Follow the progress of the upcoming Epic Australia WWI Feature Film, Beneath Hill 60 as it goes overseas and onto DVD. From the Development, Pre Production to the Shoot and Post Production up to it's release in the Cinemas and now on DVD and BLU RAY, from Paramount, from August 19, 2010.

Sunday, August 16, 2009

CREW PROFILE: Caroline Baum talks to on-set nurse, Bernadette Kersh.

Bernadette Kersh tending to SFX Supervisor, Dan Oliver.

Bernie Kersh prefers having nothing to do. 

She’s the on-location nurse for the production and ap

art from standing on the sideline

s keeping a vigilant eye on the action, she  hopes not to be called on. So far, she’s only had to attend to minor cuts as people hit their heads on the tunnels, un-used to how low they are... and she’s administering  decongestants as people find it hard to breathe due to the amount of dust in the air. Fortunately all the serious wounds on set are fake, courtesy of the make up team. 

Beneath Hill 60 is Bernie’s first experience of  being an on-set nurse. But she is  used to dramatic real-life situations - as a nurse at Townsville General Hospital she’s looked after premature babies in the Intensive Care Unit and she’s also had extensive experience  in the mines around the city, dealing with industrial accidents in high-risk situations. 

‘It was a bit of a dare going into that world’ says  Bernie. ‘I just answered an ad in the paper ..I thought the work I had done in Africa had prepared me for pretty much anything, Traveling in Kenya, I had worked in a remote, very poor  orphanage and set up a mobile wound clinic to 

deal with things like flesh eating bug infections, machete slashes, child abuse burns and ulcers due to poor nutrition .’

She found herself as one of the small group of women working among four to five hundred blokes at the Gunpowder mine four hours west of Mount Isa. ‘They always rib you at first  and check out ‘the new meat’ , as they call you. But I grew up with seven brothers so I could handle it. I wore an  engagement ring at first, which was a tip I got from Connor (one of her brothers, who is also an investor in the film). It made everyone feel safer.’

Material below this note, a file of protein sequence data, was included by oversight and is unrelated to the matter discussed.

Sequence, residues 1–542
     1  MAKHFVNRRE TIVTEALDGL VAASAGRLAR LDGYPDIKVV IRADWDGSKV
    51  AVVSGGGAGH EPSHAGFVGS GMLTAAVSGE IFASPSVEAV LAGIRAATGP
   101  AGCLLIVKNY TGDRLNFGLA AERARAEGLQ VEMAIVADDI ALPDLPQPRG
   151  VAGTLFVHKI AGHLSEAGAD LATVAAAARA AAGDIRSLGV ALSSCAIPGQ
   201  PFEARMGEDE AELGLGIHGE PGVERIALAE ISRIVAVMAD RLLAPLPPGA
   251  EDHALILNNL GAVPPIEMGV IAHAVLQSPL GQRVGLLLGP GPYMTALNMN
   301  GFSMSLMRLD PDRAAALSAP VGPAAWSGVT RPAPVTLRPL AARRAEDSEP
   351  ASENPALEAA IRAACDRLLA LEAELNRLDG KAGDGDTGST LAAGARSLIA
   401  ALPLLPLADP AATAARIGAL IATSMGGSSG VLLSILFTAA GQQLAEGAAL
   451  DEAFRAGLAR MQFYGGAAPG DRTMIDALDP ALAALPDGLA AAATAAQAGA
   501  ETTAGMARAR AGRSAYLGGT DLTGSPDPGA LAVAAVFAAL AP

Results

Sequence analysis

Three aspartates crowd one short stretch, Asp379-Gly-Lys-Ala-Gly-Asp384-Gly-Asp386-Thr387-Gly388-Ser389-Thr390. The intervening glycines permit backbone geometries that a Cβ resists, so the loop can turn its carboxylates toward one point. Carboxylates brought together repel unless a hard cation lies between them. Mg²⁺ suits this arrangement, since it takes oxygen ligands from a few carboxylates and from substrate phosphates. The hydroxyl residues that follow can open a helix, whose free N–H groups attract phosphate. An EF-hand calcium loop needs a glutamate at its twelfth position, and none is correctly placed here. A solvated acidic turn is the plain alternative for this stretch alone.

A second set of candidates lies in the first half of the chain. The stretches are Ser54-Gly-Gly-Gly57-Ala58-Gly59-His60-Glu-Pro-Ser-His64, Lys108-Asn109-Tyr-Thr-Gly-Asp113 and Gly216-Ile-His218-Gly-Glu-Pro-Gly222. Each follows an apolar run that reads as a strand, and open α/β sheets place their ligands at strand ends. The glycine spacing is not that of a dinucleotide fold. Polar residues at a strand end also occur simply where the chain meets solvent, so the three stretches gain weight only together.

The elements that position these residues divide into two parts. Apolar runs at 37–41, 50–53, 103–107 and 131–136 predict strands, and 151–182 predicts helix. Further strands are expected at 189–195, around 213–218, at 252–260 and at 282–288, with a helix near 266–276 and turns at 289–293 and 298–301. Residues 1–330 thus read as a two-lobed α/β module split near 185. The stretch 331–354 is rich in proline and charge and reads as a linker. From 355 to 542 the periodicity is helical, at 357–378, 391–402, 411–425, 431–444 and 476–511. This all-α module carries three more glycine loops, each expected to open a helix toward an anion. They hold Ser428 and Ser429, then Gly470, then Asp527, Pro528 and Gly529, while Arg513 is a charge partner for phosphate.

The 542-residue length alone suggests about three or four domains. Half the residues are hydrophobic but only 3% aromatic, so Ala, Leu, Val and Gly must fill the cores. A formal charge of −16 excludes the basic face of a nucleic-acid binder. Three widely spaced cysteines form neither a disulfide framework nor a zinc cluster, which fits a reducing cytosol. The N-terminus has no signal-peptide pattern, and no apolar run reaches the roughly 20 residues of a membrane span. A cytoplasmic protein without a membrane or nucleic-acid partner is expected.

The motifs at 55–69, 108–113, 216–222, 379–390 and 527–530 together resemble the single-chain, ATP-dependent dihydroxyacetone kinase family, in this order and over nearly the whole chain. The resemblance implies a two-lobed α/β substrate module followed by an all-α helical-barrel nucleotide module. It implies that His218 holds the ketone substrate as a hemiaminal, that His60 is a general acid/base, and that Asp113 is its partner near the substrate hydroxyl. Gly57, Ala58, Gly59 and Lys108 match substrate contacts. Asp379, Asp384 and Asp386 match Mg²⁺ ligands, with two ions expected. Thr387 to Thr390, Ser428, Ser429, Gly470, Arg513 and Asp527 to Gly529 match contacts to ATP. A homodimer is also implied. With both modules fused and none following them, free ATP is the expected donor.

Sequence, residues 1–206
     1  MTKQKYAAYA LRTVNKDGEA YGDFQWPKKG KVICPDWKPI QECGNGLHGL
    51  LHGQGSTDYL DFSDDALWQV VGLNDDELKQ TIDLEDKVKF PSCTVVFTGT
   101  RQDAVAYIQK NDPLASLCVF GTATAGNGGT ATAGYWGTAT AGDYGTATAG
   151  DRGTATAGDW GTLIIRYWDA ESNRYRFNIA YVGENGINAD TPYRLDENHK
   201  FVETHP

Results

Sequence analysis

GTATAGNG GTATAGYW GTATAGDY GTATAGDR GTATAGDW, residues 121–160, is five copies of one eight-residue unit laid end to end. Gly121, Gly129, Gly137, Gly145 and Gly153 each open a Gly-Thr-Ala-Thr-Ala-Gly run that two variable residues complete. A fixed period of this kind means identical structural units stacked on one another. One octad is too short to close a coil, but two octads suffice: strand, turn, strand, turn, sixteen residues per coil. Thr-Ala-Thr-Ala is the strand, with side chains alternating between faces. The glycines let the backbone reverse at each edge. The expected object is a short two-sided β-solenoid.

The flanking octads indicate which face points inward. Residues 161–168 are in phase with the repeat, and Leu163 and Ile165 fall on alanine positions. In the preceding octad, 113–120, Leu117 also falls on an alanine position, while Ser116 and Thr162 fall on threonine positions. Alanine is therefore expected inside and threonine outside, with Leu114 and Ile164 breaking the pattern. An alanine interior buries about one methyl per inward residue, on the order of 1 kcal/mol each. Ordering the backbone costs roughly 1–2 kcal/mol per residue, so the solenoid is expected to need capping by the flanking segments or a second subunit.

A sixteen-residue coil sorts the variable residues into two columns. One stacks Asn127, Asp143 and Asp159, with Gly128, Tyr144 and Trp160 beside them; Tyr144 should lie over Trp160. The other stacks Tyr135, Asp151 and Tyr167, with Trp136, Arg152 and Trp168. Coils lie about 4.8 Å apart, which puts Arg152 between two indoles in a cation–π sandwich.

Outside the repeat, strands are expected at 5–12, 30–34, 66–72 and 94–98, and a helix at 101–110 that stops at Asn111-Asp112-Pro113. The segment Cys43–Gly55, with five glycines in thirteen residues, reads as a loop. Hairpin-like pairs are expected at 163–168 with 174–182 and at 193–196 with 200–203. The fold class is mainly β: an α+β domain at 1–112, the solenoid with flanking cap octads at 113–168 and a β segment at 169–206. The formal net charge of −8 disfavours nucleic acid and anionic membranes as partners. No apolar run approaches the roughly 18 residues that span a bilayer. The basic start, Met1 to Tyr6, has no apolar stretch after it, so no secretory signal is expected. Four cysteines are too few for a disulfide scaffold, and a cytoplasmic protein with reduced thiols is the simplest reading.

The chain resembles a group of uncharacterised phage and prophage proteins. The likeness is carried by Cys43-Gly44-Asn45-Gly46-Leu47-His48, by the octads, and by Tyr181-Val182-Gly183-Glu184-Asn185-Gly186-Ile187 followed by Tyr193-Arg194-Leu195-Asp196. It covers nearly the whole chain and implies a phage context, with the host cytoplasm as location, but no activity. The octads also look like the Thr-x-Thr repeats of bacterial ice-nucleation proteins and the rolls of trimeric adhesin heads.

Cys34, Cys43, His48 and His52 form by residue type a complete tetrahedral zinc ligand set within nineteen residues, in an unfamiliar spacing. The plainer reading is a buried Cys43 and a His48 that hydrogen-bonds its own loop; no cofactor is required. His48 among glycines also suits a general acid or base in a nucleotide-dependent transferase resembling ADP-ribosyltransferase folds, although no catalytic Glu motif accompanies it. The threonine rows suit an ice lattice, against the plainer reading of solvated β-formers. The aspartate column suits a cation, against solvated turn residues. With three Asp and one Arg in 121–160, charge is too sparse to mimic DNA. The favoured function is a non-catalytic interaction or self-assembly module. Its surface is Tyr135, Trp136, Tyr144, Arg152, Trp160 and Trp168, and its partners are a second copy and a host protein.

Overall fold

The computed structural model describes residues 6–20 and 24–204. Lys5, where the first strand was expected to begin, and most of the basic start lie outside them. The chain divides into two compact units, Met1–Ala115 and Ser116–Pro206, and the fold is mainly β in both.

Bernie learned to use full breathing apparatus so she could go down into the mines in case she needed to. ‘ I like it down there!’ she says. ‘There’s a great sense of fellowship.’ 

She dealt with severe crushing injuries, heart attacks and death with her usual down-to- earth calm and compassion. 

‘I was born with club feet and I think having had surgery at a very early age has made me  better able to empathise with people, whether it’s the patient, or, in the case of tiny babies, their parents, who are suffering just as much,’ says Bernie, who would like to extend her experience in ICU into  combining her skills  wit

h education to work with underprivileged kids or  NGOs like Medecins sans Frontieres.

When she’s not  on duty, Bernie’s favourite way to relax is ‘hanging out at my mum’s place (not far from the location for the Waddell homestead) with the horses, friends and family around a camp fire with a guitar - or ten pin bowling, at which I’m hopeless but it’s a great laugh!’

Bernie with orphaned twins, William and Willikista, in Kenya.

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Beneath Hill 60

Beneath Hill 60
Click on the DVD to visit the Official website